Sitting at the edge of a roundabout in Blaine, facing Canada with the bay stretching out behind it, is a little shop called Rawganique. Perhaps you’ve driven by?

Inside is a beautiful space, with bamboo floors and light wooden walls that seem to amplify the sunlight and infuse the interior with a sense of space and energy. Everywhere you look are simple and stylish goods made from chemical-free, allergy-free and organic natural fibers—and at one end of the shop is a seasonal cafe that specializes in raw foods.

I recently spoke with Qeanu Aidan who, along with his business partner, has been developing the business for the past 25 years. (The Blaine store opened in 2018.) Aidan has the infectious spirit of a man who has managed to find happiness, and wants to share it with the world.

Rawganique’s showroom is bright and welcoming. Photo credit: Steven Arbuckle

He started down this path while pursuing a PhD in economics at Columbia University in New York City, where he and his partner met a man who had embraced a raw food diet. “He looked so young. He had a vitality that was incredible, he just looked 20 years younger than his age. Full of energy, full of joy, full of passion, really happy.” They carried this inspiration home with them to Denman Island in British Columbia.

“We started as homesteaders on the island, where we tended to rescued animals, grew our food, and just lived the whole homesteading life,” Aidan explains. They blogged about that life, and soon people started to ask where they could buy some of the everyday items they used—and actually made—for themselves.

As Aidan points out, we spend a third of our life in bed, so why not make it a healthy one? Photo credit: Steven Arbuckle

The couple began producing their personal wares on a larger scale, and opened a small shop. But after growing the business for 20 years, they ran into a barrier. “You only have Canada Post—no FedEx, no UPS, no guaranteed delivery time,” says Aidan. “So we moved to Point Roberts, and got access to a lot of that logistical infrastructure.”

Aidan was working as an economics professor at Oregon State University in Corvalis when he realized that another piece of infrastructure was missing. “I remember when I was teaching, and the entire commute I basically couldn’t find any food on the highway. And so I thought, ‘Wouldn’t it be great to have a place in Blaine for fruits and smoothies and raw foods?’ So we opened the cafe.’”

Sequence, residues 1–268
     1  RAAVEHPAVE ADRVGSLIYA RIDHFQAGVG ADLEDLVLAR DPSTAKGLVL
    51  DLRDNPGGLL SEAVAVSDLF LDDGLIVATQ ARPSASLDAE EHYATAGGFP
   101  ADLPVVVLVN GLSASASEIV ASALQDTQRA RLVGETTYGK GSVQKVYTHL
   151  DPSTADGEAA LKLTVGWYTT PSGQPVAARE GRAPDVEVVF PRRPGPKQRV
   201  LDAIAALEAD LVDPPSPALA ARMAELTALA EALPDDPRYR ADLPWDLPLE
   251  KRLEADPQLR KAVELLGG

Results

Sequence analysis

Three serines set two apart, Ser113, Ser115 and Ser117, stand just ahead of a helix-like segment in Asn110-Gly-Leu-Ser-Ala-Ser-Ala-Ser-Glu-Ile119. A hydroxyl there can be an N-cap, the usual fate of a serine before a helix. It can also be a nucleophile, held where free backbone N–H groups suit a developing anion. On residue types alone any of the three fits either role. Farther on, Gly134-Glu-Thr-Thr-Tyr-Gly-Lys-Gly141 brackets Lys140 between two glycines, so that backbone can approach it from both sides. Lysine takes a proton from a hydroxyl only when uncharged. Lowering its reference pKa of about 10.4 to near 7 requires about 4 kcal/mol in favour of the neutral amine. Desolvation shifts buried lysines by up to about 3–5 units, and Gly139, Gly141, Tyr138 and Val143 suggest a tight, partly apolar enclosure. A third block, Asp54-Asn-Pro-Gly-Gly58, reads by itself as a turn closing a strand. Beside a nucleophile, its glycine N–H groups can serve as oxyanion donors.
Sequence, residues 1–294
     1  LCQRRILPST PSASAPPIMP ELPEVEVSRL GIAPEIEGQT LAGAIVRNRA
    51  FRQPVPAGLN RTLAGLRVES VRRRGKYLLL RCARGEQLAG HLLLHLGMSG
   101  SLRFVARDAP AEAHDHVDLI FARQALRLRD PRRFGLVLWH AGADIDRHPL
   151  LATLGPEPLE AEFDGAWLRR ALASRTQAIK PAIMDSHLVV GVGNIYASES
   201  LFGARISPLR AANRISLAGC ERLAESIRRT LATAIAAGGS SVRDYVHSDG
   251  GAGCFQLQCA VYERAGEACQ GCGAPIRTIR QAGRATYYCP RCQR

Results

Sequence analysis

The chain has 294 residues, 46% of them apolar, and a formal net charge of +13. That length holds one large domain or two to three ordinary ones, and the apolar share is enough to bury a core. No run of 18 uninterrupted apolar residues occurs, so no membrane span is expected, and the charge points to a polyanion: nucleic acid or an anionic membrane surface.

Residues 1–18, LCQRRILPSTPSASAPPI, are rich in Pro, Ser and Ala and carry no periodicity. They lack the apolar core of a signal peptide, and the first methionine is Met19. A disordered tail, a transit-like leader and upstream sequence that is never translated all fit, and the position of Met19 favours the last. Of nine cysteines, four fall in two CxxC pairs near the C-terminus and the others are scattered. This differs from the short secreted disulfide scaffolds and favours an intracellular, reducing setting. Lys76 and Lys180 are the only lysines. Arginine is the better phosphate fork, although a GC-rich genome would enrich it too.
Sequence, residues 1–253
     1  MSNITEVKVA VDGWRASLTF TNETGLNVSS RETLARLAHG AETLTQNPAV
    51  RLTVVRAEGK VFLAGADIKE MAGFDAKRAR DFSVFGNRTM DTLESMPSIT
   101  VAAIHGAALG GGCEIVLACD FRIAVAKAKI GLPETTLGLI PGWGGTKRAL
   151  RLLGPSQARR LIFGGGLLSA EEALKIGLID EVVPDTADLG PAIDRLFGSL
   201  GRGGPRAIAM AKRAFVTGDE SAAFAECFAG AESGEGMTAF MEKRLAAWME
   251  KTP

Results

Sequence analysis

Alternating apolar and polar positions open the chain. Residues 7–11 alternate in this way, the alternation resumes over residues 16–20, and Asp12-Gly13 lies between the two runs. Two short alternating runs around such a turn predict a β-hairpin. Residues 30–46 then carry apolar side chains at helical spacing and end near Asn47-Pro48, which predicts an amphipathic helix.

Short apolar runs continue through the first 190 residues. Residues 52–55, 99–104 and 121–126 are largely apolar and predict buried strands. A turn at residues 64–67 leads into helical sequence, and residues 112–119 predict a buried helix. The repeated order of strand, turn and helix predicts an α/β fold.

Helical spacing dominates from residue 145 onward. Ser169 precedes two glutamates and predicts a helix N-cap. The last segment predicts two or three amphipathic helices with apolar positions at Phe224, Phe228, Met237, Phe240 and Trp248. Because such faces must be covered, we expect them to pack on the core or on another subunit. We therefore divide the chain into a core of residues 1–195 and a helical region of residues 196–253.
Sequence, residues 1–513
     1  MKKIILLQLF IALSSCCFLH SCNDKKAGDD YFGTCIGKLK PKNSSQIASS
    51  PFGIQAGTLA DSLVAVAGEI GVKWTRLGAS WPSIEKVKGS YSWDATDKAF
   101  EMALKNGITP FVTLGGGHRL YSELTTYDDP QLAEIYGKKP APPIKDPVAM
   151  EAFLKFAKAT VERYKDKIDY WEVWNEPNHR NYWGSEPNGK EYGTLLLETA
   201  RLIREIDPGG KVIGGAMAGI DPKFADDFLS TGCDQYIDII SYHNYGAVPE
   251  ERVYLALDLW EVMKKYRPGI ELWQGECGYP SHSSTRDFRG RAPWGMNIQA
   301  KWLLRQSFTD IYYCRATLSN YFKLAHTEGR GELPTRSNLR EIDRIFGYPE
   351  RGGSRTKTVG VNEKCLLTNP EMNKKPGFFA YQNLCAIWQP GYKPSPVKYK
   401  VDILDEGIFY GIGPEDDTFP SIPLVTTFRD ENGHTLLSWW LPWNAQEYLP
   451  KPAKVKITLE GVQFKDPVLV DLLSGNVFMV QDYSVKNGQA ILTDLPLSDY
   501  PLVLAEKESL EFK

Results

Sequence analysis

Hemp makes durable bags and backpacks and are popular items at Rawganique. Photo credit: Steven Arbuckle

Blaine made sense because it was between Vancouver and Seattle, but there is a much more personal reason it was chosen. “In other places, where you live is all paved over with concrete, and then you go to an urban park or a nature reserve—you divide the two totally. But here it sort of mixes,” Aidan says. “There are a lot of farms and old homesteads as you go east of the highway, where California and Dakota Creeks are. As you paddle along there you see a lot of former homesteads. And I think that’s beautiful because it really brings people back to keeping horses, or growing things. I like that a lot.”

Rawganique’s Tim Hankins has a wealth of knowledge about the out-of-the-ordinary products found in the store. Photo credit: Steven Arbuckle

Nowadays the shop is home to a selection of goods that are both completely natural and totally practical. They tend to focus on the basics and on gifts, and rely on their website to showcase their full range of products. “In the beginning we thought we’d put one of everything we have here, but online we have 1,200 products,” Aidan says. “Instead of 70 styles of shoes, we just have maybe 10 or 15, but anyone who sees products they fancy online can just let us know and pick it up here the same day or the next day.”

When asked which items are most popular, Aidan is quick with a list. “Bedding is a big thing. We have mattresses, comforters, bed sheets and pillows. And the footwear, people love that. The backpacks—people love them because it’s such an outdoors place here. And then of course underwear and socks. Because they’re worn directly on the skin; that’s where to start if you’re concerned about purity.”

Owner Qeanu Aidan and General Manager Christy Lonquist model some of the store’s fashions. Photo credit: Steven Arbuckle

Aidan is passionate about sharing information and happy to play host to a variety of clientele. “There’s a variety of backgrounds that prompt people’s interest in what we do,” he says. “Chemically sensitive people come here, and eco-purists who want to do what’s right for the environment. And then there are people who simply want to find a gift for somebody [or] are into meditation and yoga. Health instructors, massage therapists—there are a lot of backgrounds where it sort of behooves them to be open to chemical-free products.”

And that openness to natural health is the driving force behind Rawganique. “Once you’re in contact with the idea of a healthy lifestyle, it’s tough to ignore,” Aidan says. “Once you learn about it how beneficial it is, then it’s a no-brainer.”

There’s no hard sell at Rawganique, just a positive attitude toward making good decisions. “It’s friendly, welcoming, and we’re here to help people make better choices. If they have a particular problem to solve health-wise, or a gift they need, we’re here to help.”

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